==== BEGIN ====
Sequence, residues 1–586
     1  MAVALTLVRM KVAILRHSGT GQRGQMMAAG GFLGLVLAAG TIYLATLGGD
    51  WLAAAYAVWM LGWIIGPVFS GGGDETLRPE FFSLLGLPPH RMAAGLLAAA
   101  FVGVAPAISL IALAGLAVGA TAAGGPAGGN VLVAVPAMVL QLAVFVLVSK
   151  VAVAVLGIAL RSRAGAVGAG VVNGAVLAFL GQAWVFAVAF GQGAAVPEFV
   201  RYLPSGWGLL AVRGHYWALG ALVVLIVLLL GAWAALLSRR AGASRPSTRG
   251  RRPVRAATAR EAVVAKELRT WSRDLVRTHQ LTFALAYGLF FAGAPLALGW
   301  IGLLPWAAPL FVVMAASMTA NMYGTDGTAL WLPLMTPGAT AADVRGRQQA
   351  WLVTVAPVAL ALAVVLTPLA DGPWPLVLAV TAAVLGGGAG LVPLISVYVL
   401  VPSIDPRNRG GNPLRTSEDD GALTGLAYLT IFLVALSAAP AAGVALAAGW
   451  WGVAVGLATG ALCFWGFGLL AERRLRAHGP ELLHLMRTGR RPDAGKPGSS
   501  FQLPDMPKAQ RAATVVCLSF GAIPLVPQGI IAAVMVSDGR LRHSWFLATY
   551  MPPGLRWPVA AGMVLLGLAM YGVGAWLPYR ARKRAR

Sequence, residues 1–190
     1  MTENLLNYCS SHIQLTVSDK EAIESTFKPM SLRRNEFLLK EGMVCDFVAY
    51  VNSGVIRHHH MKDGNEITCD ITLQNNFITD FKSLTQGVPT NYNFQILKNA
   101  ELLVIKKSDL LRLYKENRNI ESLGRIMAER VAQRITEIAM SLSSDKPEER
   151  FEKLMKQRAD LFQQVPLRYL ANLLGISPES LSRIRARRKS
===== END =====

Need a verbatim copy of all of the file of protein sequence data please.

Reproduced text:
Sequence, residues 1–586
     1  MAVALTLVRM KVAILRHSGT GQRGQMMAAG GFLGLVLAAG TIYLATLGGD
    51  WLAAAYAVWM LGWIIGPVFS GGGDETLRPE FFSLLGLPPH RMAAGLLAAA
   101  FVGVAPAISL IALAGLAVGA TAAGGPAGGN VLVAVPAMVL QLAVFVLVSK
   151  VAVAVLGIAL RSRAGAVGAG VVNGAVLAFL GQAWVFAVAF GQGAAVPEFV
   201  RYLPSGWGLL AVRGHYWALG ALVVLIVLLL GAWAALLSRR AGASRPSTRG
   251  RRPVRAATAR EAVVAKELRT WSRDLVRTHQ LTFALAYGLF FAGAPLALGW
   301  IGLLPWAAPL FVVMAASMTA NMYGTDGTAL WLPLMTPGAT AADVRGRQQA
   351  WLVTVAPVAL ALAVVLTPLA DGPWPLVLAV TAAVLGGGAG LVPLISVYVL
   401  VPSIDPRNRG GNPLRTSEDD GALTGLAYLT IFLVALSAAP AAGVALAAGW
   451  WGVAVGLATG ALCFWGFGLL AERRLRAHGP ELLHLMRTGR RPDAGKPGSS
   501  FQLPDMPKAQ RAATVVCLSF GAIPLVPQGI IAAVMVSDGR LRHSWFLATY
   551  MPPGLRWPVA AGMVLLGLAM YGVGAWLPYR ARKRAR

Sequence, residues 1–190
     1  MTENLLNYCS SHIQLTVSDK EAIESTFKPM SLRRNEFLLK EGMVCDFVAY
    51  VNSGVIRHHH MKDGNEITCD ITLQNNFITD FKSLTQGVPT NYNFQILKNA
   101  ELLVIKKSDL LRLYKENRNI ESLGRIMAER VAQRITEIAM SLSSDKPEER
   151  FEKLMKQRAD LFQQVPLRYL ANLLGISPES LSRIRARRKS